The One Tip That Will Improve Your Blog Photography

One of the main reasons I decided to start a blog is because I love photography.

I love how much pictures can set the tone of a website. If you have a black-and-white feed, you come off as artistic. Super colorful and saturated photos mirror excitement and energy. Pictures with patricular patterns bring out particular emotions. Pictures really do speak a thousand words.  

But when I started blogging, my pictures didn’t end up looking as great as I had imagined. Even though I have a mid-to-high-range camera (the Canon 550D, or Rebel T2i) my photo quality was crappier than the pictures my brother took with his iPhone X. I tried editing them, taking pictures in natural light, using fancy props…but nothing seemed to give me the desired effect I was looking for.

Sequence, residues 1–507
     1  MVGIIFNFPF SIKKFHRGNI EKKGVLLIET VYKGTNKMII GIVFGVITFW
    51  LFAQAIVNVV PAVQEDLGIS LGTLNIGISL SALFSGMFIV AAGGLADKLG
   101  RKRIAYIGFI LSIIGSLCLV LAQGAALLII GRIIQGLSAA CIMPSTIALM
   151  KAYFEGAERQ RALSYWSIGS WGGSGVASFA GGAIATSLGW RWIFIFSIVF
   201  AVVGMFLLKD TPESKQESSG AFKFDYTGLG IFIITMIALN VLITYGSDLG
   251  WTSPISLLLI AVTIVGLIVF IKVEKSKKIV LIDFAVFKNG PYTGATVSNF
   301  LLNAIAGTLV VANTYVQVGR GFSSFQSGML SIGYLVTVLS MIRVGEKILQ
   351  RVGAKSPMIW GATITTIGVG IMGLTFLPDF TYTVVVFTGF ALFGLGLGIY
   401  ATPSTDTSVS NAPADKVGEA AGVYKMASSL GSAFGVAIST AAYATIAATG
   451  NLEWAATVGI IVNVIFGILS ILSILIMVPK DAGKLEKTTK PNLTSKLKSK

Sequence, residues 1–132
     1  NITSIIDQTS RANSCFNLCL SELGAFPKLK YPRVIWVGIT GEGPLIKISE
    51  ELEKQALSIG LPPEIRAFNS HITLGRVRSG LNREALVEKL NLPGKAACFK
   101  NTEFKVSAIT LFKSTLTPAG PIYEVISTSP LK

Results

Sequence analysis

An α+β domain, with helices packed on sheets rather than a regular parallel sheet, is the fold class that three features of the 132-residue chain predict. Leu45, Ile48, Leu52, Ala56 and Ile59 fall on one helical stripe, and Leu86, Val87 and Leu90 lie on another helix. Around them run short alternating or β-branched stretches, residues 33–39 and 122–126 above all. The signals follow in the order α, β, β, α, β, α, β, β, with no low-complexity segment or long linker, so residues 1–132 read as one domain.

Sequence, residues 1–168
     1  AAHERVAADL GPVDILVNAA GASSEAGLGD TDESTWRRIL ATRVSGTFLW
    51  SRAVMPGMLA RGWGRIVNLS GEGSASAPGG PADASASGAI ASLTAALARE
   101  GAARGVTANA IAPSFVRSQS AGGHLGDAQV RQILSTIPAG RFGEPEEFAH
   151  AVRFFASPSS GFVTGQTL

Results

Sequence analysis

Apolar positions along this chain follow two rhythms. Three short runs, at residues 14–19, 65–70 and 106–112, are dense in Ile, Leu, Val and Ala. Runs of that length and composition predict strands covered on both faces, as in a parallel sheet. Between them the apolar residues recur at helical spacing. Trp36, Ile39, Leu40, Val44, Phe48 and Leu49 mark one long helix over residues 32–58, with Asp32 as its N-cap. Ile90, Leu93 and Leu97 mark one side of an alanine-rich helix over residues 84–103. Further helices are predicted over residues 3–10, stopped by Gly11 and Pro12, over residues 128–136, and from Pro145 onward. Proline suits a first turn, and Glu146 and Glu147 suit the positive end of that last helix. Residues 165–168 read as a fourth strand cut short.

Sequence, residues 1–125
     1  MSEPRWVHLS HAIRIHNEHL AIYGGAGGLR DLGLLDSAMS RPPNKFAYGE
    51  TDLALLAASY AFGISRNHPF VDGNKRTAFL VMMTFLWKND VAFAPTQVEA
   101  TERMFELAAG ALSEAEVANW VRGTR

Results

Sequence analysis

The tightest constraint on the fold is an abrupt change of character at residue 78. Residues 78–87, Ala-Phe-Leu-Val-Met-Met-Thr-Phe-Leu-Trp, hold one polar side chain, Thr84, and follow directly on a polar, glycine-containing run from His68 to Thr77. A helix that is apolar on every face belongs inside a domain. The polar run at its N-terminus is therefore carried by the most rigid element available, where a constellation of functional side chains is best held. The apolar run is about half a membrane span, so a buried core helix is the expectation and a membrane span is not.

That’s when I discovered the secret:

it’s all in the lens.

I don’t know why more people aren’t talking about this, but they should. Understanding what the right lens was for me, made my photography look like I had taken it from a digital camera produced in 2008 to, well, exactly what I wanted it to look like. The example below are completely unedited, taken 30 seconds apart at the same distance.

The lens that you decide to go for depends on what you primarily take pictures of. Now don’t get me wrong; if you decide to buy a DSLR and just use the kit lens, you’ll be fine. It does a standard job of taking photographs of pretty much everything. But if you’re like me and your main subjects of photography are portraits and architecture, the 50mm lens is the way forward.

Companies like Nikon, Sigma, and many others all offer their own versions of the classic 50 mm lens but the one that I went for was the Canon EF 50mm f/1.8 STM, otherwise known as the Nifty Fifty. Notorious for its affordable price ($125 in a world where a good set of lens usually cost $500 and upwards), this baby does everything your kit lens does, but better. It’s a total bargain, and after just a couple hours of Googling, I was sold.